Class Variable Access and Assignment

Steve Holden steve at holdenweb.com
Fri Nov 4 05:41:06 CET 2005


Antoon Pardon wrote:
> Op 2005-11-03, Stefan Arentz schreef <stefan.arentz at gmail.com>:
> 
>>Antoon Pardon <apardon at forel.vub.ac.be> writes:
>>
>>...
>>
>>
>>>>>No matter wat the OO model is, I don't think the following code
>>>>>exhibits sane behaviour:
>>>>>
>>>>>class A:
>>>>>  a = 1
>>>>>
>>>>>b = A()
>>>>>b.a += 2
>>>>>print b.a
>>>>>print A.a
>>>>>
>>>>>Which results in
>>>>>
>>>>>3
>>>>>1
>>>>
>>>>I find it confusing at first, but I do understand what happens :-)
>>>
>>>I understand what happens too, that doesn't make it sane behaviour.
>>>
>>>
>>>>But really, what should be done different here?
>>>
>>>I don't care what should be different. But a line with only one
>>>referent to an object in it, shouldn't be referring to two different
>>>objects.
>>
>>It doesn't.
> 
> 
> Yes it does. If the b.a refers to the instance variable, then an
> AttributeError should be raised, because the instance variable doesn't
> exist yet, so you can't add two to it.
> 
Excuse me. The statement

     a += 2

causes a to refer to a different object after the assignment than it did 
before. So does the statement

     self.a += 2

So why are you so concerned that the pre-assignment reference comes from 
a different scope to the post-assignment reference? The fact remains 
that after both assignments the rebound name can no longer (ever) be 
used to refer to its former referent without a further rebinding taking 
place.

> If the b.a refers to the class variable then two should be added to it.
> 
Wring, wring, wring. (Sorry, got that wrong :-)

> Neither happens instead we get some hybrid in which an instance varible
> is created that gets the value of class variable incrented by two.
> 
Yes. So does this mean you also have a problem with

     def f(x):
         x += 2

     g = 3
     print f(g)

When the function call executes, the name x is bound to an object in the 
call's containing scope. Is it then your contention that the augmented 
assignment in the function should add two to that object, changing the 
value of g?

For extra marks please explain the difference between augmented 
assignment to a function argument and augmented assignment to a class 
variable referenced through self.
> 
>>>In the line: b.a += 2, the b.a should be refering to the class variable
>>>or the object variable but not both. So either it could raise an
>>>attribute error or add two to the class variable.
>>
I'm not sure where this moral imperative comes from, and your arguments 
singularly fail to convince me.

>>It does exactly what you say. It adds 2 to the a *instance variable* of
>>the object instance in 'b'.
> 
> 
> There is no instance variable at that point. How can it add 2, to
> something that doesn't exist at the moment.
> 
It doesn't, it simply proceeds along the lines of all Python assignments 
and resolves the name as a reference to a specific object. It then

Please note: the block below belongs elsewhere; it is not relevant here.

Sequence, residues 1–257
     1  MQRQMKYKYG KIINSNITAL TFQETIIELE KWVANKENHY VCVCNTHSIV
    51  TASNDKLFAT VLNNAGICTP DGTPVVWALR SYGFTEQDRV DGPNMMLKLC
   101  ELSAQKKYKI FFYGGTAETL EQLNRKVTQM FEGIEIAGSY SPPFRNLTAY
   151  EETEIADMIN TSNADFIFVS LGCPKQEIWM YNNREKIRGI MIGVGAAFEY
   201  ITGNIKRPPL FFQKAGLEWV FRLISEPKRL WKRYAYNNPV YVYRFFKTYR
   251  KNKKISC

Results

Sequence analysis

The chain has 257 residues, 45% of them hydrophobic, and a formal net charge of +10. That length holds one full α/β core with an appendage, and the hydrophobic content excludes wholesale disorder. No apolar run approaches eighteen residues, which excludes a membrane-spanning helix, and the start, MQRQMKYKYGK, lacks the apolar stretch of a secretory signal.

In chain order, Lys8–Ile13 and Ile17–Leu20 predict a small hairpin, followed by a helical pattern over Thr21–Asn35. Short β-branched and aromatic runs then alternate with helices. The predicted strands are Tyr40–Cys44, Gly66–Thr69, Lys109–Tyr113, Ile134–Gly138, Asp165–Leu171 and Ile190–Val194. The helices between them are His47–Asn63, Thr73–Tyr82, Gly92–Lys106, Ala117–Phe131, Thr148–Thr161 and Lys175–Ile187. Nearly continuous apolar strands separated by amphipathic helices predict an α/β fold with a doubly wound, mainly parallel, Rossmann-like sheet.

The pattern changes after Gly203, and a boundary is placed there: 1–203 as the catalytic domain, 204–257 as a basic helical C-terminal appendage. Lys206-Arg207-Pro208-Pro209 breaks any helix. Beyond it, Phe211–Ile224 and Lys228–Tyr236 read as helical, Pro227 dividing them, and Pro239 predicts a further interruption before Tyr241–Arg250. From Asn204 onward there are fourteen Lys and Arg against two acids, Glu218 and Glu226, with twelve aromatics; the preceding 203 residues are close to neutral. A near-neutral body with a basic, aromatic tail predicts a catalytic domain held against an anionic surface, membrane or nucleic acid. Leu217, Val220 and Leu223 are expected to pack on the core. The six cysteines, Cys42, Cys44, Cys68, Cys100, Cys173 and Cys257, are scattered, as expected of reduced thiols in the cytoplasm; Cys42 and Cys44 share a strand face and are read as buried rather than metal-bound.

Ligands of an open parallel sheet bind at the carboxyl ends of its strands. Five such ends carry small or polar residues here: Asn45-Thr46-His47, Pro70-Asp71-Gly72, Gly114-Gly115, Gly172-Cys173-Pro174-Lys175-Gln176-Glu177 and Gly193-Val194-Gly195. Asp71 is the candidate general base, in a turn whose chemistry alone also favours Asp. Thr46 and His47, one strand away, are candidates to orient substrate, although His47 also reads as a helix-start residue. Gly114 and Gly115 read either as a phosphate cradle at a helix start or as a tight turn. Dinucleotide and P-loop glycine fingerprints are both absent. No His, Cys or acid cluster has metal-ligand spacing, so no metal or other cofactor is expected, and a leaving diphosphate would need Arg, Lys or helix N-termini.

computes a new value from the referenced object and the augmented 
assignment operator's right operand, and rebinds the name to the 
newly-computed value.

Please stop talking about variables.

Although augmented assignment operators have the *option* of updating 
objects in place, surely not even you can require that they do so when 
they are bound to an immutable object such as an integer.
> 
>>It doesn't touch the *class variable* A.a which is still 1.
> 
Why "should" it? Why, why, why? And gain, just for good measure, why? 
Augmented assignment to a function argument doesn't modify the passed 
object when immutable, and you have no problem with that (I know as I 
write that this is just asking for trouble, and it will turn out that 
you also find that behavior deeply controversial ...)

> 
> But it accesses the class variable.
> 
Repeat after me: "Python assignment binds values to names".

When I write

     class something:
         a = 1
         def __init__(self, val=None):
             if val:
                 self.a += val

then in the last statement the augmented assignment rebinds "self.a" 
from the class "variable" to a newly-created instance "variable". I am 
of course using the word "variable" here in a Pythonic sense, rather 
than in the sense that, say, a C programmer would use. In Python I 
prefer to talk about binding names because talking of variables leads 
people to expect that a name is bound to an area of memory whose value 
is modified by assignment, but this is in fact not so.

The initial access to self.a uses the defined name resolution order to 
locate a value that was bound to the name "a" in class scope. So what? 
This is a long-documented fact of Python life. It's *supposed* to be 
that way, dammit.

I fail to understand why this is such a problem for you. But then it's 
clear from long past experience that our perceptions of Python's 
execution model differ quite radically, and that I seem to find it quite 
satisfactory overall, whereas you are forever banging on about what 
"should" be true of Python and what Python "should" do. Which, as is 
probably obvious by now, I sometimes find just a teeny bit irritating. 
Kindly pardon my tetchiness.

I suppose ultimately I'm just more pragmatic than you. Plus I started 
using Icon, whose assignment semantics are very similar, back in the 
1970's, so Python's way of doing things fits my brain quite nicely, 
thank you.

regards
  Steve

PS As a total non-sequitur added for light relief at the end of what 
seems even to me to be a slightly tedious post, I discover I managed to 
misspell "assignment" in four distinct ways during the composition of 
the above.
-- 
Steve Holden       +44 150 684 7255  +1 800 494 3119
Holden Web LLC                     www.holdenweb.com
PyCon TX 2006                  www.python.org/pycon/




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